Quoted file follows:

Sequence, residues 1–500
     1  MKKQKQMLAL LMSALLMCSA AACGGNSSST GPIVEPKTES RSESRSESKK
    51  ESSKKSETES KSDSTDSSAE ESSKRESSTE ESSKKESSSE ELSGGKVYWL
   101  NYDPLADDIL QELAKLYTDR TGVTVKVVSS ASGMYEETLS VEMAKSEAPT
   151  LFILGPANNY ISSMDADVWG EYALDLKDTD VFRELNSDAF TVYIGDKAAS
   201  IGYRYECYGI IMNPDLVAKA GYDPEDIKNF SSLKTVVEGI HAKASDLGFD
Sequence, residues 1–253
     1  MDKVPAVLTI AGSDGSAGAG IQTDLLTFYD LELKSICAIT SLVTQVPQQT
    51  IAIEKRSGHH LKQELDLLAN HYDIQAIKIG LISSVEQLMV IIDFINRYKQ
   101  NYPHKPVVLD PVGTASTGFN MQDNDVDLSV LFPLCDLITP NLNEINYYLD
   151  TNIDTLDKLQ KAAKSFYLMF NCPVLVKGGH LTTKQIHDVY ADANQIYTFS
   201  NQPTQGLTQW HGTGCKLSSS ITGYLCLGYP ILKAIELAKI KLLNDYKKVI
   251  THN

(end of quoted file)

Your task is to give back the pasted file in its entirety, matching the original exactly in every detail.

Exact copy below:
Sequence, residues 1–500
     1  MKKQKQMLAL LMSALLMCSA AACGGNSSST GPIVEPKTES RSESRSESKK
    51  ESSKKSETES KSDSTDSSAE ESSKRESSTE ESSKKESSSE ELSGGKVYWL
   101  NYDPLADDIL QELAKLYTDR TGVTVKVVSS ASGMYEETLS VEMAKSEAPT
   151  LFILGPANNY ISSMDADVWG EYALDLKDTD VFRELNSDAF TVYIGDKAAS
   201  IGYRYECYGI IMNPDLVAKA GYDPEDIKNF SSLKTVVEGI HAKASDLGFD
Sequence, residues 1–253
     1  MDKVPAVLTI AGSDGSAGAG IQTDLLTFYD LELKSICAIT SLVTQVPQQT
    51  IAIEKRSGHH LKQELDLLAN HYDIQAIKIG LISSVEQLMV IIDFINRYKQ
   101  NYPHKPVVLD PVGTASTGFN MQDNDVDLSV LFPLCDLITP NLNEINYYLD
   151  TNIDTLDKLQ KAAKSFYLMF NCPVLVKGGH LTTKQIHDVY ADANQIYTFS
   201  NQPTQGLTQW HGTGCKLSSS ITGYLCLGYP ILKAIELAKI KLLNDYKKVI
   251  THN